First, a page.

I had a long day yesterday rising at 4:15 and a taxi to Jersey airport at 5:30. I'm just one of those people who isn't late but traveling with lithium powered machinery by plane requires that extra time

Despite the possibility of snow in Jersey all was clear and flying to Gatwick airport was easy. The check-in staff know me by name and are happy to speed me through security and the boarding process and I was the first passenger on the plane

Gatwick arrival was also fairy easy but you never know what you gonna get from the "special assistance" staff. Sometimes you get "do you need to go to the toilet now Mr Tipping" but most assistants are great. Unfortunately it's the loaders that need to sign off on your wheelchair and the presence of lithium batteries puts fear in their very hearts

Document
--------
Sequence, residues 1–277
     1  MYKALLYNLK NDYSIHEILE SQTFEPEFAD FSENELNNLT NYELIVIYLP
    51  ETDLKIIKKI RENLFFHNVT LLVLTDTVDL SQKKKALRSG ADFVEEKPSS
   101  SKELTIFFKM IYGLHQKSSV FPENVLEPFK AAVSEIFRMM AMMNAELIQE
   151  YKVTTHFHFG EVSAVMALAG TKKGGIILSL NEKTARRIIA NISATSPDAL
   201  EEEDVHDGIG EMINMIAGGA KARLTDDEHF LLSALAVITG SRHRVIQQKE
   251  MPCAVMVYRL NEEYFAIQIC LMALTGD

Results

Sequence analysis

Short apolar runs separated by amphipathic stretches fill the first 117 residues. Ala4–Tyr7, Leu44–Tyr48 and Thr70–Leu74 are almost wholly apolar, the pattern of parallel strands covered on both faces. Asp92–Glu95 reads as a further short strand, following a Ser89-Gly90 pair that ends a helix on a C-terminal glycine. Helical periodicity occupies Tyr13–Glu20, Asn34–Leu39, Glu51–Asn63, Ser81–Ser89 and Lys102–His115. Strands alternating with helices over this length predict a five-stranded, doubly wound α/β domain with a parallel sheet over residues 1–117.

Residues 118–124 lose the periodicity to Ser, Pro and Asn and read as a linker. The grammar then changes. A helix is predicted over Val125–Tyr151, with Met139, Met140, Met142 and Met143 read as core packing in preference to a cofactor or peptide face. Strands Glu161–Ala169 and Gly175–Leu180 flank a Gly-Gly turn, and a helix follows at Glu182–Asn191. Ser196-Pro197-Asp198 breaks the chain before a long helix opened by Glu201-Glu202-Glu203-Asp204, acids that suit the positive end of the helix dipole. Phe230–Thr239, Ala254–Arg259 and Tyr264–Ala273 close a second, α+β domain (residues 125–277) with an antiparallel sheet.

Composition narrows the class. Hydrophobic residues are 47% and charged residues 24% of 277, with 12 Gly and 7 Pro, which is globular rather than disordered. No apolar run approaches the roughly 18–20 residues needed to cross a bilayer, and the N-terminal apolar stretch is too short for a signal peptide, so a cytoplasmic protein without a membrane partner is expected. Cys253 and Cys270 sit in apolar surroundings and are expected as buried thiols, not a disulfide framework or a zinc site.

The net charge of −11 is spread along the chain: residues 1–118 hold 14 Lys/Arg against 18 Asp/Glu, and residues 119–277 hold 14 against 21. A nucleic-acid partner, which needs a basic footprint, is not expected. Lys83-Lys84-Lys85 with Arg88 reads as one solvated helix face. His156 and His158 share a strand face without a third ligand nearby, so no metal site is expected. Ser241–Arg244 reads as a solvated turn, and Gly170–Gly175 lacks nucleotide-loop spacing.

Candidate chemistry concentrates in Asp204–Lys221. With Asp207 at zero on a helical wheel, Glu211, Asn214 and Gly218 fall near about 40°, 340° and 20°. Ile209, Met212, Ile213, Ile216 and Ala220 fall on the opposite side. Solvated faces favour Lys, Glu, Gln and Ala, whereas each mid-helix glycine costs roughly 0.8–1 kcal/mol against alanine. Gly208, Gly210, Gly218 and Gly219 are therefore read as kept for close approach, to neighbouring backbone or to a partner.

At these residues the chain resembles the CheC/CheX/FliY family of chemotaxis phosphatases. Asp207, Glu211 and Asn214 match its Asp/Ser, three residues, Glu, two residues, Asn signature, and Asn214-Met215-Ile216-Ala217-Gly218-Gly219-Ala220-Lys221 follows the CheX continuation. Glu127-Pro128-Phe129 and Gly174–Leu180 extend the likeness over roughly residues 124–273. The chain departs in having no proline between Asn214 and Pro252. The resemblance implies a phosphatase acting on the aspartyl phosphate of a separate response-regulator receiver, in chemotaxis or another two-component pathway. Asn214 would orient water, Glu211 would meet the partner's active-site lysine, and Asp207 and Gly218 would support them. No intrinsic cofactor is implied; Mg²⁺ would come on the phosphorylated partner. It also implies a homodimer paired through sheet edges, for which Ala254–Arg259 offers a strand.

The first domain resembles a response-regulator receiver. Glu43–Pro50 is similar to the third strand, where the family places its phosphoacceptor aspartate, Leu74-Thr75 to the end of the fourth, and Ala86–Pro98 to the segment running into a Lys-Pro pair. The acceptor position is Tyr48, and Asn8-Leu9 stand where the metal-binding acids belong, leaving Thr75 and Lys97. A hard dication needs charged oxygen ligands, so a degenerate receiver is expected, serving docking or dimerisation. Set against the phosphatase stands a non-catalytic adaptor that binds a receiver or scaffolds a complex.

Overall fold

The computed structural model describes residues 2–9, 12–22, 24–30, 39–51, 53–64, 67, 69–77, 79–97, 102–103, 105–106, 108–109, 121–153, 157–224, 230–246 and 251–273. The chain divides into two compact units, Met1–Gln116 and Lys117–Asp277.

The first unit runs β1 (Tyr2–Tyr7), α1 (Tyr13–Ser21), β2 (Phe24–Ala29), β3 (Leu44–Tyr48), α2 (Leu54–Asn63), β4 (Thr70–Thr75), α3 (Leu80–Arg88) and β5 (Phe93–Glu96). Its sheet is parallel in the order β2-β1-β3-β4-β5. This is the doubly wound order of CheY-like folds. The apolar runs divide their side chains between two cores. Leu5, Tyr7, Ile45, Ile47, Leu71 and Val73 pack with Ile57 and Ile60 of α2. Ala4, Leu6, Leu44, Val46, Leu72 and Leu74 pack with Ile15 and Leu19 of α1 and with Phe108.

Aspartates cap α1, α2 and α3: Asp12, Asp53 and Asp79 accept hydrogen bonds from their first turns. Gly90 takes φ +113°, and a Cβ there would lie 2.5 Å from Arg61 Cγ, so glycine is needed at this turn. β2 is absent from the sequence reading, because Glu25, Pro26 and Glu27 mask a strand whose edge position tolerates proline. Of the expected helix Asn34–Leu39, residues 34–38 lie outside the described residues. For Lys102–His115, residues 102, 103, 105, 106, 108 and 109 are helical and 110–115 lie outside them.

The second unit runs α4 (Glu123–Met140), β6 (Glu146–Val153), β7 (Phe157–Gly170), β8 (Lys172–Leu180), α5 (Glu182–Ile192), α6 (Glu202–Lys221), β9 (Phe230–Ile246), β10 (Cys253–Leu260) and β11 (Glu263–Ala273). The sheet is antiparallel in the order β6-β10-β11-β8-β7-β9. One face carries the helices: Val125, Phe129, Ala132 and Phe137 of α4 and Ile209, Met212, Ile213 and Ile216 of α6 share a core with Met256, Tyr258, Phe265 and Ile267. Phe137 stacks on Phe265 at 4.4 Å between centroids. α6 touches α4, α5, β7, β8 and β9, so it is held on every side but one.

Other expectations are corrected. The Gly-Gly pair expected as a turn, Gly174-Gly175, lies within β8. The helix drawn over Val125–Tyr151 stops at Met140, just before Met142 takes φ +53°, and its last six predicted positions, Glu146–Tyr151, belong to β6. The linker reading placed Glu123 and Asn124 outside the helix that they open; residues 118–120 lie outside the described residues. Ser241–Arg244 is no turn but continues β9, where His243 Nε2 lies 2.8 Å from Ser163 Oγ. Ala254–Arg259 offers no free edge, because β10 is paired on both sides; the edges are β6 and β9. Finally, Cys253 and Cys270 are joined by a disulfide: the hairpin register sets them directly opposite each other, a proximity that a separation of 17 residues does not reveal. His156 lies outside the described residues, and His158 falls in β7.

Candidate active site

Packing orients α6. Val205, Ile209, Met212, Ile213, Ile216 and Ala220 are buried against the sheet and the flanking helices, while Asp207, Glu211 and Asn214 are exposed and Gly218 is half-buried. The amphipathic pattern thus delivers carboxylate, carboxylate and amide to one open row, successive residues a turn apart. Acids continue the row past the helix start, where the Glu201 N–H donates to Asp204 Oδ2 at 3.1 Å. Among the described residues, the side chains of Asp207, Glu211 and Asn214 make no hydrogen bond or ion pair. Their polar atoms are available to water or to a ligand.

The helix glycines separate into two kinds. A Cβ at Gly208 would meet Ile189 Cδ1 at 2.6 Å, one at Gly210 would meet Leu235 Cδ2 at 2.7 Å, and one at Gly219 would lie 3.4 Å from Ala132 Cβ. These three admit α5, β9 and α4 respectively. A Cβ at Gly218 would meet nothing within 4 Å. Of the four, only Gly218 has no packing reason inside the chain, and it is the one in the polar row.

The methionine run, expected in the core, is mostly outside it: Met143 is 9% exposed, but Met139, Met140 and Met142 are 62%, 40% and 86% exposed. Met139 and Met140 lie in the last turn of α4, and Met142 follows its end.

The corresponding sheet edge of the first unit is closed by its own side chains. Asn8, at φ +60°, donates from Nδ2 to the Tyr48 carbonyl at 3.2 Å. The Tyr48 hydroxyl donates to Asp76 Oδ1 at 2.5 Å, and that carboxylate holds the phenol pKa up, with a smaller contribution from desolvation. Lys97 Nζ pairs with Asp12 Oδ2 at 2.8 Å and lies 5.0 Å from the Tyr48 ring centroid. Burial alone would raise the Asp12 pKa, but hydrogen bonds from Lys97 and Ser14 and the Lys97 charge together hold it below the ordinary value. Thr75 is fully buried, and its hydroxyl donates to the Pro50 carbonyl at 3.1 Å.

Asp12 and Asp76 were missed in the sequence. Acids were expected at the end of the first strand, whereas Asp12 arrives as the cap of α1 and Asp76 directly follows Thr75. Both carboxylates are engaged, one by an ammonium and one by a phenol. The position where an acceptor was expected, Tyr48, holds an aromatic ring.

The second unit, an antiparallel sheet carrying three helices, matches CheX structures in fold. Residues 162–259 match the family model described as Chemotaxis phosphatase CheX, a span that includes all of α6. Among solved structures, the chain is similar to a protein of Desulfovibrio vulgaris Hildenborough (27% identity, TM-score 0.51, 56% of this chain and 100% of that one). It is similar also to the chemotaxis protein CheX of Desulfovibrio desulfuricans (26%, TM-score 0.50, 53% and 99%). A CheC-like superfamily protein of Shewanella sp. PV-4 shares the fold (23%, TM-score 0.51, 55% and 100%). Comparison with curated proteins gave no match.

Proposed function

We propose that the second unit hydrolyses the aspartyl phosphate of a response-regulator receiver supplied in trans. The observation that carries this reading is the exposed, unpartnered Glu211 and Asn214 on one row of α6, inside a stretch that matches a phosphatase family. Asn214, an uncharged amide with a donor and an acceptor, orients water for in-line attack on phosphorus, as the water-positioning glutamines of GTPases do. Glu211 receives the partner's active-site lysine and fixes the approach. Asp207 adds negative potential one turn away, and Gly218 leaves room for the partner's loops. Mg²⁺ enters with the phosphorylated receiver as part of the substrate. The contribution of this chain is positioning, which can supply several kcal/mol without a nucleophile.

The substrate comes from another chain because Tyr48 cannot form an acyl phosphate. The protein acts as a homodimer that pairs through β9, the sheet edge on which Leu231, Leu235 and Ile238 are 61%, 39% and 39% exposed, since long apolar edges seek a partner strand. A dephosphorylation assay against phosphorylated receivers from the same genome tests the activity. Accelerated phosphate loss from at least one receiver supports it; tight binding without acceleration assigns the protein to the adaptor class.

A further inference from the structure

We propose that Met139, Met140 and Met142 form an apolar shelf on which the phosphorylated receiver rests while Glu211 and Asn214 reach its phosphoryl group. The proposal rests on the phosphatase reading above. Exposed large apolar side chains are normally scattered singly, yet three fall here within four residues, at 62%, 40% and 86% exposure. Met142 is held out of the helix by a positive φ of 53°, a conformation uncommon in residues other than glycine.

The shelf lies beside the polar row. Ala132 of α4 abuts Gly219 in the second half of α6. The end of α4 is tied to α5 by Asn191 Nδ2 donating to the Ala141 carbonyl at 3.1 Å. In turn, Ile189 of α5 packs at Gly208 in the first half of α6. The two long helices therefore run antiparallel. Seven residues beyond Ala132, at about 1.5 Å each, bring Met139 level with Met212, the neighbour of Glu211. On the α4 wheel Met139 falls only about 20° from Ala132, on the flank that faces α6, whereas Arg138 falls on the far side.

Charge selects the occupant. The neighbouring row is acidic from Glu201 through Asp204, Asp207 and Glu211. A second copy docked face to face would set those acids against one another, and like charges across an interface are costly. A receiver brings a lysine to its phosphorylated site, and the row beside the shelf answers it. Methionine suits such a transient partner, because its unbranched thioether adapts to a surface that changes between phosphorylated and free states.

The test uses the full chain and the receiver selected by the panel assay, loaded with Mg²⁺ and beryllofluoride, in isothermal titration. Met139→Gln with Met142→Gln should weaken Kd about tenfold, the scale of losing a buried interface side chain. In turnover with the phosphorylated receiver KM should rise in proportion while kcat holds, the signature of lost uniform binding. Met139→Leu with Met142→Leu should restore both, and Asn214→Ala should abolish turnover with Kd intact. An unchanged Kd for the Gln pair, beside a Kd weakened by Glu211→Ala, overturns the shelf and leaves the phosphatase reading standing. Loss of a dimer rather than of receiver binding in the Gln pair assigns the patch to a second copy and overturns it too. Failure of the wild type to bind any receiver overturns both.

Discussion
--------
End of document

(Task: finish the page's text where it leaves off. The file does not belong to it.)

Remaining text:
I have a set of "Acceptance for Travel Guidelines" that can help with getting lithium powered devices onto planes and into the air. The decision makers are the lead loaders that sign off the cargo as safe to travel. Lithium ion batteries ring many bells with loaders and the designated Genny route via the travel document is to surrender the chair with legs up and infokey removed and to wait 7- 9 mins till the lights go out. Loaders generally don't have the required time to wait that long and every time Genny is moved the clock resets itself again. I have been responsible for several delays and I think this is a big issue with Genny flying. To assist I have equipped my Genny with an additional battery isolation switch that sits under the seat and tricks people into thinking Genny is fully dead and safe to travel. This is great when it works but deviates from the "Acceptance for travel guidelines" which can be a problem in itself